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  1. Plasma-enhanced chemical vapor deposition (PECVD) provides a low-temperature, highly-efficient, and catalyst-free route to fabricate graphene materials by virtue of the unique properties of plasma. In this paper, we conduct reactive molecular dynamics simulations to theoretically study the detailed growth process of graphene by PECVD at the atomic scale. Hydrocarbon radicals with different carbon/hydrogen (C/H) ratios are employed as dissociated precursors in the plasma environment during the growth process. The simulation results show that hydrogen content in the precursors significantly affects the growth behavior and properties of graphene ( e.g. , the quality of obtained graphene, which is indicated by the number of hexagonal carbon rings formed in the graphene sheets). Moreover, increasing the content of hydrogen in the precursors is shown to reduce the growth rate of carbon clusters, and prevent the formation of curved carbon structures during the growth process. The findings provide a detailed understanding of the fundamental mechanisms regarding the effects of hydrogen on the growth of graphene in a PECVD process.
    Free, publicly-accessible full text available May 4, 2023
  2. Free, publicly-accessible full text available February 1, 2023
  3. Polymers of intrinsic microporosity (PIMs) have shown promise in pushing the limits of gas separation membranes, recently redefining upper bounds for a variety of gas pair separations. However, many of these membranes still suffer from reductions in permeability over time, removing the primary advantage of this class of polymer. In this work, a series of pentiptycene-based PIMs incorporated into copolymers with PIM-1 are examined to identify fundamental structure–property relationships between the configuration of the pentiptycene backbone and its accompanying linear or branched substituent group. The incorporation of pentiptycene provides a route to instill a more permanent, configuration-based free volume, resistant to physical aging via traditional collapse of conformation-based free volume. PPIM-ip-C and PPIM-np-S, copolymers with C- and S-shape backbones and branched isopropoxy and linearn-propoxy substituent groups, respectively, each exhibited initial separation performance enhancements relative to PIM-1. Additionally, aging-enhanced gas permeabilities were observed, a stark departure from the typical permeability losses pure PIM-1 experiences with aging. Mixed-gas separation data showed enhanced CO2/CH4selectivity relative to the pure-gas permeation results, with only ∼20% decreases in selectivity when moving from a CO2partial pressure of ∼2.4 to ∼7.1 atm (atmospheric pressure) when utilizing a mixed-gas CO2/CH4feed stream. These results highlight the potential of pentiptycene’s intrinsic,more »configurational free volume for simultaneously delivering size-sieving above the 2008 upper bound, along with exceptional resistance to physical aging that often plagues high free volume PIMs.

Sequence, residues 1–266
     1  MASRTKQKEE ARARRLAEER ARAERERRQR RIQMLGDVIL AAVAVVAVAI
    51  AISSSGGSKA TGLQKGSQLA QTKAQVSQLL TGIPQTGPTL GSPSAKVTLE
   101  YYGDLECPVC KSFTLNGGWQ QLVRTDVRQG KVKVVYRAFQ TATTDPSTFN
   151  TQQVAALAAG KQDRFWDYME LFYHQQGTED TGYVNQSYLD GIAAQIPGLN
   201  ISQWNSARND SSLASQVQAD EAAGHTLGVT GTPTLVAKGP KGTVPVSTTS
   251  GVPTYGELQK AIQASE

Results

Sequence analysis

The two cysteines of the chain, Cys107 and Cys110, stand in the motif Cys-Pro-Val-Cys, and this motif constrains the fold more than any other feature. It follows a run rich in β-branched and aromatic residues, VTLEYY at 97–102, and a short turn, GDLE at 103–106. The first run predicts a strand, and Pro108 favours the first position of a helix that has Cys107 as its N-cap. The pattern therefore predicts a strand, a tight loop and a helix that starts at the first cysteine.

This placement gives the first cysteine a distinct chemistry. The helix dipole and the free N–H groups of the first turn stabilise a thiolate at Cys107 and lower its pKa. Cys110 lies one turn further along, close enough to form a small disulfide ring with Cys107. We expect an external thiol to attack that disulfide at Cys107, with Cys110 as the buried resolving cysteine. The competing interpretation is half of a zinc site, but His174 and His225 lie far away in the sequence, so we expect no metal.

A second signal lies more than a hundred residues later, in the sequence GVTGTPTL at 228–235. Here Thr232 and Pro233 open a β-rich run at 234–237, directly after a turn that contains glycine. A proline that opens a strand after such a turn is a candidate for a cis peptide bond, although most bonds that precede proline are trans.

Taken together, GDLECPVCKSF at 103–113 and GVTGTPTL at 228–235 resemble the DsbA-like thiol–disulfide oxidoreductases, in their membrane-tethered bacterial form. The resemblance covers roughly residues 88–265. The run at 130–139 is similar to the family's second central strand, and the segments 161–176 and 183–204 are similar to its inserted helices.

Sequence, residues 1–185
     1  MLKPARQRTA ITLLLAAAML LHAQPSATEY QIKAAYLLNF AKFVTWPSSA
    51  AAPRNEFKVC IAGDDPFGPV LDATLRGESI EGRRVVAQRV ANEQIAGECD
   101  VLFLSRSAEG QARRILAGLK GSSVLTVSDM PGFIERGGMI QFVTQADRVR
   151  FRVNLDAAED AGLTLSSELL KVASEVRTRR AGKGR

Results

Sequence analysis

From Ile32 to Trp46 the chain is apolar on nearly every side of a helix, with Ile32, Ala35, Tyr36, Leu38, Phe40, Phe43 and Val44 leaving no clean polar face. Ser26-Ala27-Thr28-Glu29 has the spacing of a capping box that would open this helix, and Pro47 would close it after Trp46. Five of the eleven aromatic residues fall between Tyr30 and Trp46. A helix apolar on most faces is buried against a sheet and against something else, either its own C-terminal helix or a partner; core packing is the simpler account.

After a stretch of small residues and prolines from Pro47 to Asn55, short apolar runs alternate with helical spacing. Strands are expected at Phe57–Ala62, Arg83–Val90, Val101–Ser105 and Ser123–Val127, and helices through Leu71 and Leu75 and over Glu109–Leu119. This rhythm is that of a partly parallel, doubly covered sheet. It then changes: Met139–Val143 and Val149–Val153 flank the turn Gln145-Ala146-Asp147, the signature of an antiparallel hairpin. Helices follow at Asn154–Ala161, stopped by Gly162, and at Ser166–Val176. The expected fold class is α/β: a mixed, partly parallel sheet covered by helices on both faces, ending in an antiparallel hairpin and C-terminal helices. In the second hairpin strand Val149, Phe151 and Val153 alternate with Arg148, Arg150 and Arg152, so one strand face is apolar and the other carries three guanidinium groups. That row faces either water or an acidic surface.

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  4. Abstract

    Directed high-speed motion of nanoscale objects in fluids can have a wide range of applications like molecular machinery, nano robotics, and material assembly. Here, we report ballistic plasmonic Au nanoparticle (NP) swimmers with unprecedented speeds (~336,000 μm s−1) realized by not only optical pushing but also pulling forces from a single Gaussian laser beam. Both the optical pulling and high speeds are made possible by a unique NP-laser interaction. The Au NP excited by the laser at the surface plasmon resonance peak can generate a nanoscale bubble, which can encapsulate the NP (i.e., supercavitation) to create a virtually frictionless environment for it to move, like the Leidenfrost effect. Certain NP-in-bubble configurations can lead to the optical pulling of NP against the photon stream. The demonstrated ultra-fast, light-driven NP movement may benefit a wide range of nano- and bio-applications and provide new insights to the field of optical pulling force.